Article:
After Almost Four Years Of Review, Township Officials Decide They Have Limited Power Over Fracking
After four years of studying the issue and getting legal advice, Saugatuck Township officials came to the conclusion the township has limited power to wield regarding fracking; it could, at the very least, institute some ancillary protections by means of broad regulatory language that includes all oil and gas drilling in general.
The Saugatuck Township Board voted to make those changes and additions to the township’s ordinance (new zoning sections 40-741 and 40-742 and amendments to section 40-1046) at its February 1 meeting.
The township cannot regulate the actual oil and gas wells, but can regulate oil and gas well storage and processing, features usually off site from the wells themselves.
“It started out as a fracking issue, but we were also conscious of those in the industry that could say, ‘You are targeting this specific group,” said Saugatuck Township Clerk Brad Rudich.
“We wanted to protect the township, but also didn’t want to get sued by somebody looking to do some drilling (using the fracking method).
“The last year we shied away from designating it as fracking and lumped it in with the oil and gas industry to regulate it as one,”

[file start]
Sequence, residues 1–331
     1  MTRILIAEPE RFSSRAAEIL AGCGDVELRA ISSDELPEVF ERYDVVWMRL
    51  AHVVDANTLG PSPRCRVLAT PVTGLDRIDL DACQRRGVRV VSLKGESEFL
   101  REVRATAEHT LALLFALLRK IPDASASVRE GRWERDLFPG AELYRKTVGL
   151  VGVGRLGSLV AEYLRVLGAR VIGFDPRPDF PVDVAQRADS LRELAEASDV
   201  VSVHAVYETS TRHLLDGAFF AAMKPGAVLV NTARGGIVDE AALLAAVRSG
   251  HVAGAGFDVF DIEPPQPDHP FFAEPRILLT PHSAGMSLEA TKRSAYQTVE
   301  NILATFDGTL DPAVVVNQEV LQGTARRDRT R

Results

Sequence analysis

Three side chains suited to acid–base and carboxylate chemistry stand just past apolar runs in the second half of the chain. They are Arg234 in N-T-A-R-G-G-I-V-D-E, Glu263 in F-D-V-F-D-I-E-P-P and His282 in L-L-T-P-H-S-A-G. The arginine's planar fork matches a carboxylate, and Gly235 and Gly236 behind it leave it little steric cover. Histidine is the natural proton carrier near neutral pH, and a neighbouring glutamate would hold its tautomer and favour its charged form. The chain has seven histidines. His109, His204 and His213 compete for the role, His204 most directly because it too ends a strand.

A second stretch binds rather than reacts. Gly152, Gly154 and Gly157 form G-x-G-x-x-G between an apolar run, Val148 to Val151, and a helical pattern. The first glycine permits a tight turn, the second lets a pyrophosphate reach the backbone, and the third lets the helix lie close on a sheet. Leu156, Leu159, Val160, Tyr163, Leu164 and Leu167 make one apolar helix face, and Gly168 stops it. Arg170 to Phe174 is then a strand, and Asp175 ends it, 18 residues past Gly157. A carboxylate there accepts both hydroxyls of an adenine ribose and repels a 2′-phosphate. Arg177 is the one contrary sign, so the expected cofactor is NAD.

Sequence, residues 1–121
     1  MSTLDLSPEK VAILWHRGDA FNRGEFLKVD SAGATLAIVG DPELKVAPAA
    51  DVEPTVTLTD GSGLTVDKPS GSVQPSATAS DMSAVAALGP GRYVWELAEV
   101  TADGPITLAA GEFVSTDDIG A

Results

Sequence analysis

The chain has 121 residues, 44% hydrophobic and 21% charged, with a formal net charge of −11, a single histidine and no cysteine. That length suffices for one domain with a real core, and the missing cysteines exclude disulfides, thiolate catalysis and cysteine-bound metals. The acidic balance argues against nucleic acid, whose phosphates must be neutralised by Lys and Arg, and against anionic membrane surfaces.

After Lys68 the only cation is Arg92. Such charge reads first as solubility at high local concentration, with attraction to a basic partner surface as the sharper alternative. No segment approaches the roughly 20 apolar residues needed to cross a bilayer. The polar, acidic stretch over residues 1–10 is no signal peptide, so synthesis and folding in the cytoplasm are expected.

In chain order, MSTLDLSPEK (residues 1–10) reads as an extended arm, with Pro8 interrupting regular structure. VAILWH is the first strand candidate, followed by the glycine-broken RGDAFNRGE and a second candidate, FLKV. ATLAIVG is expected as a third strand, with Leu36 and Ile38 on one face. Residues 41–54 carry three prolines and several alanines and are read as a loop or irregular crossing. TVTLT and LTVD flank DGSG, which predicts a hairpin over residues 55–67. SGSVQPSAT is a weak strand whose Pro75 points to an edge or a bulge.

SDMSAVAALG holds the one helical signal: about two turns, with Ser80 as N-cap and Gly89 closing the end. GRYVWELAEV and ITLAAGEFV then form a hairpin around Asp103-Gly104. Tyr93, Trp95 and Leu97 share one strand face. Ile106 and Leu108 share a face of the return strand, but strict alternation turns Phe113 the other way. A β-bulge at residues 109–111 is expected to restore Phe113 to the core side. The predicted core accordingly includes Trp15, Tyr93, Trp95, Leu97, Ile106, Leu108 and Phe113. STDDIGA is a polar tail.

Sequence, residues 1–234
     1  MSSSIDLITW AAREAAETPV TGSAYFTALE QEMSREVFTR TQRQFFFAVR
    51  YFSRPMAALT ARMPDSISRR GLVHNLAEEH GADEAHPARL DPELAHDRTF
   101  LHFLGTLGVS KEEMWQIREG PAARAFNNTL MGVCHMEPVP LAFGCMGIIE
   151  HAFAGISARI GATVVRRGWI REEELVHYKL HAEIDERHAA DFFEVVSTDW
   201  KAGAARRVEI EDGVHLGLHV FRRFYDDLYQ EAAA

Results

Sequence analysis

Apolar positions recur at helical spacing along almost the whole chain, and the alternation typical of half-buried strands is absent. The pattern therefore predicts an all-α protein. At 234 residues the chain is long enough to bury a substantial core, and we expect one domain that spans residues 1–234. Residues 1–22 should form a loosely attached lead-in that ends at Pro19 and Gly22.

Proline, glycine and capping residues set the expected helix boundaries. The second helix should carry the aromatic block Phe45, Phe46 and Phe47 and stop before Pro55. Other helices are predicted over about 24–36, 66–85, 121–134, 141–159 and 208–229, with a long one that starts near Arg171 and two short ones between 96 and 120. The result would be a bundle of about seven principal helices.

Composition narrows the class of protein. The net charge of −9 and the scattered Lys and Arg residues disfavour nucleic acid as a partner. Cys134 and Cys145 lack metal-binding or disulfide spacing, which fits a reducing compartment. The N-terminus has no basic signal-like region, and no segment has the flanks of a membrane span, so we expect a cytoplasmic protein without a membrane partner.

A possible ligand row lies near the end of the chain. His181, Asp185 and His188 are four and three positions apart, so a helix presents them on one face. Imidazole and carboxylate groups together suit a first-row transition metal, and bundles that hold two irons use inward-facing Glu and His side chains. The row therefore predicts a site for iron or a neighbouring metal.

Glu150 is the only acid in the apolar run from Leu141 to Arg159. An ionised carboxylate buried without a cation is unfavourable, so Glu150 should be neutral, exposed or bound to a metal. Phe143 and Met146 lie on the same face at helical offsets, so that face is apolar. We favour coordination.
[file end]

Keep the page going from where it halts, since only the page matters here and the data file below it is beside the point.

Hydraulic fracking is the method of oil and gas extraction that involves injecting water, sand and chemicals, at very high pressure, deep beneath the ground, causing rocks to fissure and allows gas to flow out.
The procedure is controversial.
Critics such as the environmental protection group Food and Water Watch states on its website: “Fracking is an unsafe process that harms our drinking water and health. The push for fracking hurts communities and worsens climate change.”
Rudich, along with some Saugatuck Township Planning Commission members, formed a subcommittee studying the issue. Legal counsel assisted, previously, Attorney Sherry Batzer along with students of the Thomas M. Cooley Law School and more recently with Attorney Nick Curcio of the Dickinson Wright firm.
“The State of Michigan is the one that has oversight of actual drilling and permitting of wells,” said Rudich.
“Even if we wanted to put an ordinance together to supersede that, the state could say, ’No, that’s for us to look at.’ However, we have ancillary aspects we could regulate—outdoor buildings, storage, noises, hours of operations, etc., to make sure we at least had control on our end,” said Rudich.
Asked if she was concerned about fracking in the township, Saugatuck Planning Commission Member Kathleen Miller Cook, also part of the subcommittee that studied the issue, noted, “I am not an (geography or land use) expert, but I don’t think we have that type of area within the boundaries of the township. There are some oil wells, lots of old ones (non-fracking) that have been capped.”